May 30, 2024

Keystone SpamKops (cont. 3)

Several people have asked me to expand upon a semi-cryptic comment I made in a previous post, saying that SpamCop’s system allows denial-of-service attacks. What I mean is that it appears that a malicious person could easily put you, or me, or anybody else on SpamCop’s block-list. There are at least three ways somebody could put XYZ.com (a hypothetical site) on the blocklist.

(1) Send a spam message containing the characters “http://www.XYZ.com,” and wait for spam’s recipients to report it to SpamCop.

(2) Sign up for a legitimate mailing list run by XYZ.com. Then when XYZ.com sends legitimate email messages on the list, maliciously report those messages as spam.

(3) Forge the text of spam messages purportedly from XYZ.com, and report the forged messages as spam.

It’s probably illegal to carry out such an attack, but it’s scary that SpamCop apparently makes it so easy.

Lawyers, Tiggers and Bears, Oh My!

That’s the title of a hilarious article in L.A. Magazine about the ongoing legal battle over the rights to Winnie-the-Pooh. It’s full of telling details about the state of “intellectual property” law today, and about the mindset of the people involved.

My favorite example is a statement by Disney’s lawyer: “The legacy of Winnie-the-Pooh and the treasure that it is for generations of kids is something that Disney has taken the time and money to accomplish.” And to think that I had always given the credit to A.A. Milne.

Keystone SpamKops (cont. 2)

Thomas Roessler is the person who sent the innocent email message that the Keystone SpamKops incorrectly characterized as spam, leading to my summary ejection from the net. He did nothing wrong, and once he heard about the problem he did his best to rectify it – but the SpamKops apparently ignored his messages as they ignored everyone trying to resolve the problem. He comments on the situation in his blog.

Washington Post: Break-Ins to Military Computers

Interesting article today in the Washington Post about some freelance consultants who apparently rummaged through a bunch of Department of Defense computers without authorization. What they found was pretty appalling. But what they did seems pretty appalling too – although the article takes pains not to mention this. Here is the beginning of the article:

Security consultants entered scores of confidential military and government computers without approval this summer, exposing vulnerabilities that specialists say open the networks to electronic attacks and spying.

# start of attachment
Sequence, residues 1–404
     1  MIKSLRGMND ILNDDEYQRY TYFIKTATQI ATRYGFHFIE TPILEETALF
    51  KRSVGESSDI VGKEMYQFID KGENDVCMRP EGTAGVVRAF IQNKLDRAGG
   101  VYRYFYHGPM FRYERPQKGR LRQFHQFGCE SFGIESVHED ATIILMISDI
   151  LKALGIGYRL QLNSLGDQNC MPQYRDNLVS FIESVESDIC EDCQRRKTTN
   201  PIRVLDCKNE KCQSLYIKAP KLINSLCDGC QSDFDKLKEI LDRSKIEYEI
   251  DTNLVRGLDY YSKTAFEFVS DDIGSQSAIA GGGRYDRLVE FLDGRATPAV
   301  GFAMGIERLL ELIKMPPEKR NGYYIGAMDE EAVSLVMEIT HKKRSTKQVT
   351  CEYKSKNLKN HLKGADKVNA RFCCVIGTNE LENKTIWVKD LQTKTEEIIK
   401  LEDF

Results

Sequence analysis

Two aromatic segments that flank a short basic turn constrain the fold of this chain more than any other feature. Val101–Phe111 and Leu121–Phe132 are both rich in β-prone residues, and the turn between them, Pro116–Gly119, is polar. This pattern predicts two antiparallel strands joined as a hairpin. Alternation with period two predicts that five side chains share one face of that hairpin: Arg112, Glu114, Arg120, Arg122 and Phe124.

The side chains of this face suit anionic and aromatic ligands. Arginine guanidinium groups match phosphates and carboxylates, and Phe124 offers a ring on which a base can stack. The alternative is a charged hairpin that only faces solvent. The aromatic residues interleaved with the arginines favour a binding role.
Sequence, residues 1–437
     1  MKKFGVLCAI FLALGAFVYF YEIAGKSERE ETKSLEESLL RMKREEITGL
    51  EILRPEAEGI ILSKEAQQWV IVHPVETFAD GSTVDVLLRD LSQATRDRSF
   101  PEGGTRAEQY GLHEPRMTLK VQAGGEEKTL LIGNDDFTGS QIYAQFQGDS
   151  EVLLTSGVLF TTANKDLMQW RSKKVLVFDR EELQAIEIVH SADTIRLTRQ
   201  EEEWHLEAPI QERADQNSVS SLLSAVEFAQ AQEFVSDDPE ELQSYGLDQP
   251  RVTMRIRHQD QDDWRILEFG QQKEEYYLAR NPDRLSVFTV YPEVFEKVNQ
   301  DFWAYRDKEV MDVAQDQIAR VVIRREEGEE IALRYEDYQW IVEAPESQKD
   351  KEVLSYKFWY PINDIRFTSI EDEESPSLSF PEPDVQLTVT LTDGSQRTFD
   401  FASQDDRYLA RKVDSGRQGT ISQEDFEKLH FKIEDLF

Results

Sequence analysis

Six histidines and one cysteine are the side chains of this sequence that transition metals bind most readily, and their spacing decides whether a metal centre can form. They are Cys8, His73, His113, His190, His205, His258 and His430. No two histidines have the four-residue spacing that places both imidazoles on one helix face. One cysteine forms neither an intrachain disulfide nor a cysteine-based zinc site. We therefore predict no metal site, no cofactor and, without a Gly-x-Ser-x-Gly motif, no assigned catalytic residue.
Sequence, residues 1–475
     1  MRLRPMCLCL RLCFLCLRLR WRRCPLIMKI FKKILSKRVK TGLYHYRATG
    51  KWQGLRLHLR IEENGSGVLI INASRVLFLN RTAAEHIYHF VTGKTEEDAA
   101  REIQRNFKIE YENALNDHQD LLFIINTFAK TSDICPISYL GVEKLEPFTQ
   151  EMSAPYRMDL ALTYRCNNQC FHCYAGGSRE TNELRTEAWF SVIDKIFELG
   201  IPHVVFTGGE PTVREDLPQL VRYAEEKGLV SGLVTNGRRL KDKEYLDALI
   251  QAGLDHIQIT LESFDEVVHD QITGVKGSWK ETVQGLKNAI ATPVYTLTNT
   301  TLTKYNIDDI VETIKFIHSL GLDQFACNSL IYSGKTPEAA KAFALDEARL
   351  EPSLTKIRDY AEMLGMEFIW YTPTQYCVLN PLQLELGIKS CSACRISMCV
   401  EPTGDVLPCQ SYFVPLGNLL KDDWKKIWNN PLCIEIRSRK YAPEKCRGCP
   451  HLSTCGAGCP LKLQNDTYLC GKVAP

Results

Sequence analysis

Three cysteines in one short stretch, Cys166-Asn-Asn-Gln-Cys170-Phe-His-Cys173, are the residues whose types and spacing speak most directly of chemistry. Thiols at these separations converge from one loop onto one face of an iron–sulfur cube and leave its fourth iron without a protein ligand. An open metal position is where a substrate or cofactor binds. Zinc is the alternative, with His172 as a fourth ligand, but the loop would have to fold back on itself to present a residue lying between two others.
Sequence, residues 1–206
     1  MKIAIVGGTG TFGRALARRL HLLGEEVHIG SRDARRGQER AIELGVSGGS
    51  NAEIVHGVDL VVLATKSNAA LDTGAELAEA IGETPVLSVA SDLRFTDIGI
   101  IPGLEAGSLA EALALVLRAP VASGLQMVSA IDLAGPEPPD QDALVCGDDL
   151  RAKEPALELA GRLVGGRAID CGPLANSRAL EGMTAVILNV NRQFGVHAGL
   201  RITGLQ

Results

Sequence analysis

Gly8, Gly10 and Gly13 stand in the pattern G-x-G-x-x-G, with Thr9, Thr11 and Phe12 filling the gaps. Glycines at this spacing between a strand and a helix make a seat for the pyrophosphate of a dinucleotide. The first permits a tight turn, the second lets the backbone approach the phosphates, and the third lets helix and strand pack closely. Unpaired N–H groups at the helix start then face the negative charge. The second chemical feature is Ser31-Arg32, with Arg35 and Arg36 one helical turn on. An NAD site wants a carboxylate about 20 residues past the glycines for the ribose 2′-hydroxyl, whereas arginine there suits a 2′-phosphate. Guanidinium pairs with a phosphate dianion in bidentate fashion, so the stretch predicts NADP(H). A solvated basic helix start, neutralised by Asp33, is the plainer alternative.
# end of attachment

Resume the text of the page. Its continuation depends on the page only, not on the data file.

The consultants, inexperienced but armed with free, widely available software, identified unprotected PCs and then roamed at will through sensitive files containing military procedures, personnel records and financial data.

[…]

ForensicTec officials said they first stumbled upon the accessible military computers about two months ago, when they were checking network security for a private-sector client. They saw several of the computers’ online identifiers, known as Internet protocol addresses. Through a simple Internet search, they found the computers were linked to networks at Fort Hood.

Former employees of a private investigation firm – and relative newcomers to the security field – the ForensicTec consultants said they continued examining the system because they were curious, as well as appalled by the ease of access.

What is amazing to me is that the writer seems to be working hard to avoid pointing out that what these guys did looks to have been unethical and probably illegal. The rule is pretty simple – honest discussion of security vulnerabilities: good; actually breaking into other people’s computers: bad.

True, careful readers of the article might still connect the dots between the description of what the ForensicTec guys did, and the mention fifteen paragraphs later of laws against unauthorized intrusion. But isn’t it the writer’s job to point out such basic connections?

It’s hard to believe the writer and his editor would have missed this obvious point. Yet I can’t understand why they would have chosen to ignore it. Any suggestions?

UPDATE: Within hours of appearance of the above-mentioned Washington Post article, the FBI raided the offices of ForensicTec.

Keystone SpamKops (cont.)

A reader, Florian Weimer, points out that there has already been at least one apparently successful lawsuit against spam blacklisters.